Brown centipede

Brown Centipede

Brown Centipede ©

Brown centipede

Scientific name: Lithobius forficatus
A regular in gardens, hunting around compost heaps and under stones, the Brown centipede is a common minibeast. Despite its name, it has 15 pairs of legs - one on each segment of its body.

Species information


Length: 2-3cm

Conservation status


When to see

January to December


The Brown centipede (also known as the 'Stone centipede' or' Common centipede') is one of a number of centipede species found in the UK. Centipedes are long, many-segmented invertebrates that live in the soil, under rocks, in compost heaps, or under the bark of trees, emerging at night to catch their prey. The most familiar centipedes are the Lithobiusspecies, which can be found under rocks in the garden. Although some centipedes do have more than 100 legs, the Brown centipede has just 15 pairs - one on each segment of its body. They have poisonous claws on each side of their heads, which enable them to catch their prey, and large, biting jaws, but they are harmless to humans.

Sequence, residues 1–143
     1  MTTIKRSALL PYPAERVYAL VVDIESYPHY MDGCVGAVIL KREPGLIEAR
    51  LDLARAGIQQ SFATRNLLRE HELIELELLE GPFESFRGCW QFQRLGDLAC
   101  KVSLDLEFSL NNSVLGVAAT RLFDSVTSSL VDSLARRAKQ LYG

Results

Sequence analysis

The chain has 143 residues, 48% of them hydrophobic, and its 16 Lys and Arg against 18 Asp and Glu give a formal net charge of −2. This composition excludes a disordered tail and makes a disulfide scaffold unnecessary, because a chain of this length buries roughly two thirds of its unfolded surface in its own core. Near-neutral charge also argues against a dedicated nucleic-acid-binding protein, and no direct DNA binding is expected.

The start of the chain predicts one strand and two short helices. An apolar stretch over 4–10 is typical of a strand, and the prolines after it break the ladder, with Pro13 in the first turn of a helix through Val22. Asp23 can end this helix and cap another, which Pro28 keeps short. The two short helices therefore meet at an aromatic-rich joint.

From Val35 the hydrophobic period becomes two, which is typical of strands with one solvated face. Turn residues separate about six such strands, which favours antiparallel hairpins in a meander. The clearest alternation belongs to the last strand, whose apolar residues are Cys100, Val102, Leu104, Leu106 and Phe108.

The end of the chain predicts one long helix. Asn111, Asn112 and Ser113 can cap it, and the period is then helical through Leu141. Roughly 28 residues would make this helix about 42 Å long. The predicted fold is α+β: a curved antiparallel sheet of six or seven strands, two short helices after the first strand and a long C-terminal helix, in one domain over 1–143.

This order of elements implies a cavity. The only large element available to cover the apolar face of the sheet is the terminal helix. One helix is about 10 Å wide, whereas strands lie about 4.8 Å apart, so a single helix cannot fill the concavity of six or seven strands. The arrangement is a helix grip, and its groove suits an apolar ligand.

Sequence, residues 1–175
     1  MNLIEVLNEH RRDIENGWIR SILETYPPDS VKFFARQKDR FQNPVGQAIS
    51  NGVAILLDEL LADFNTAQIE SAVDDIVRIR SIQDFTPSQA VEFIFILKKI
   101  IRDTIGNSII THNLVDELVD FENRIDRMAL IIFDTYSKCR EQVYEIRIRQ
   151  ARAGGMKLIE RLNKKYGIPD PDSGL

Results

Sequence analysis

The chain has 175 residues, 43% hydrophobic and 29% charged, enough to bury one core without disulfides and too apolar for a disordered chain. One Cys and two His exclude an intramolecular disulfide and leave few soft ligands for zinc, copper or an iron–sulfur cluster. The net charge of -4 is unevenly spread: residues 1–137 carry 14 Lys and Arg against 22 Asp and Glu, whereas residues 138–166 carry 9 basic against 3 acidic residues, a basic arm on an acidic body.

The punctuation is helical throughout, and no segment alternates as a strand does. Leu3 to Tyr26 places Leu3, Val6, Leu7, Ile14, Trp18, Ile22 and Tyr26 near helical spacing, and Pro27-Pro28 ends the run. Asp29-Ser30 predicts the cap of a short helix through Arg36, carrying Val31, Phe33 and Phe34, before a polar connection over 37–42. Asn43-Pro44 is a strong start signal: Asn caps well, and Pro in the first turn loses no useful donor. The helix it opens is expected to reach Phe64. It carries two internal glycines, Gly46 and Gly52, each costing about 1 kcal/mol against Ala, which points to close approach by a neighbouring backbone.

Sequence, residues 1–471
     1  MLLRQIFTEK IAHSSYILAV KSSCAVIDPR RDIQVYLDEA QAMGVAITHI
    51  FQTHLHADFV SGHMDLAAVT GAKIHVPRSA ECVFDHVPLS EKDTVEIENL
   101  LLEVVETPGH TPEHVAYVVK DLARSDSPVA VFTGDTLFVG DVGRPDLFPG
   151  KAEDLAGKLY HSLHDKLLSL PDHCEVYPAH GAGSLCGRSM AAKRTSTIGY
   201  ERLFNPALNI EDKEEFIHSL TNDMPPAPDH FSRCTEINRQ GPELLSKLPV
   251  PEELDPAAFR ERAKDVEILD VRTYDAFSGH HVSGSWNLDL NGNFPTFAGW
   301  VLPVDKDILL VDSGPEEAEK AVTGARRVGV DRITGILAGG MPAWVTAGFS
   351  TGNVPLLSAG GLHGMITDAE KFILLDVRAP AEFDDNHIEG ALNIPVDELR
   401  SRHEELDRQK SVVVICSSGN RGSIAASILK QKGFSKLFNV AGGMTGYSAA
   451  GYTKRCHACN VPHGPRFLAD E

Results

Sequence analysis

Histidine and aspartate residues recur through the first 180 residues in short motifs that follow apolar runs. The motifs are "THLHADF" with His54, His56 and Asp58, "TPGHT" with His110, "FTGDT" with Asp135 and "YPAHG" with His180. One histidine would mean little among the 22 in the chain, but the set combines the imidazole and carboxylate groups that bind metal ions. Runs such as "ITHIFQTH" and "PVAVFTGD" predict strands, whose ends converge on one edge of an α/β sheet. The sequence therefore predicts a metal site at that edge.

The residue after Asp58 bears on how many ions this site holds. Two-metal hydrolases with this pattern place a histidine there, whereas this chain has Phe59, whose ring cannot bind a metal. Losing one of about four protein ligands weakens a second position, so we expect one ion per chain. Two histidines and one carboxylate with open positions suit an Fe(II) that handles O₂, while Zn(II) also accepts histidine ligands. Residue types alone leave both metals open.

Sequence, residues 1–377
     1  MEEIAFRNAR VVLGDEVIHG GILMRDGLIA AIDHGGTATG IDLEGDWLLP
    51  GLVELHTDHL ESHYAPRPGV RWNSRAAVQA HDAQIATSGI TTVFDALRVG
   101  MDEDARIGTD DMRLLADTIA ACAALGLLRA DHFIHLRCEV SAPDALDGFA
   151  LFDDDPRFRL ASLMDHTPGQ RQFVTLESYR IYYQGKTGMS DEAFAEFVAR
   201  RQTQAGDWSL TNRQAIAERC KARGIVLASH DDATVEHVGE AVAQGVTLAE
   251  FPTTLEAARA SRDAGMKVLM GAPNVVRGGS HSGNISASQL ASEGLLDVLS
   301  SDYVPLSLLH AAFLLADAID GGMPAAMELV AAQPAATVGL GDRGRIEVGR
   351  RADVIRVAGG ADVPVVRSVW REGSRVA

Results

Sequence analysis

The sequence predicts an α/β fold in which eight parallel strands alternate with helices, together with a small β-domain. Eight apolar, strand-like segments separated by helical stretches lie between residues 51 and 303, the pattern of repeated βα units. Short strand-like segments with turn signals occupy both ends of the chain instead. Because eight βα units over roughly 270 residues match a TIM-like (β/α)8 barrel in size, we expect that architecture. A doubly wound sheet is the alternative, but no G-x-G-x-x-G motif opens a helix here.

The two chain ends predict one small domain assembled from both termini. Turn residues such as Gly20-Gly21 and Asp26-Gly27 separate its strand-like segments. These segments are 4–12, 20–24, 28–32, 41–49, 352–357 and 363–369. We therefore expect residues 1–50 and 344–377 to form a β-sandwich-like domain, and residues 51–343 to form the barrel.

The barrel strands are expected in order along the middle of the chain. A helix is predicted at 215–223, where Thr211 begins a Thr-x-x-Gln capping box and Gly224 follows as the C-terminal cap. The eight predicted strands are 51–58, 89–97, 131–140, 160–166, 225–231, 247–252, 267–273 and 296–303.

How to identify

The Brown centipede has a broad, long, orange-brown body, with long antennae and long back legs. It has one pair of legs per segment of its body; similar millipedes have two. There are over 40 centipede species in the UK, which can be difficult to tell apart.



Did you know?

Centipedes have poor eyesight, so they use their antennae and long back legs to feel their way around. In order to find a mate, the female releases pheromones ('love chemicals') which the males respond to. When a male locates a female, he presents her with a silk package containing sperm, which she picks up with special claspers.

How people can help

Our gardens are a vital resource for wildlife, providing corridors of green space between open countryside, allowing species to move about. In fact, the UK's gardens provide more space for nature than all the National Nature Reserves put together. So why not try planting native plants and trees to entice birds, mammals and invertebrates into your backyard? To find out more about encouraging wildlife into your garden, visit our Wild About Gardens website: a joint initiative with the RHS, there's plenty of facts and tips to get you started.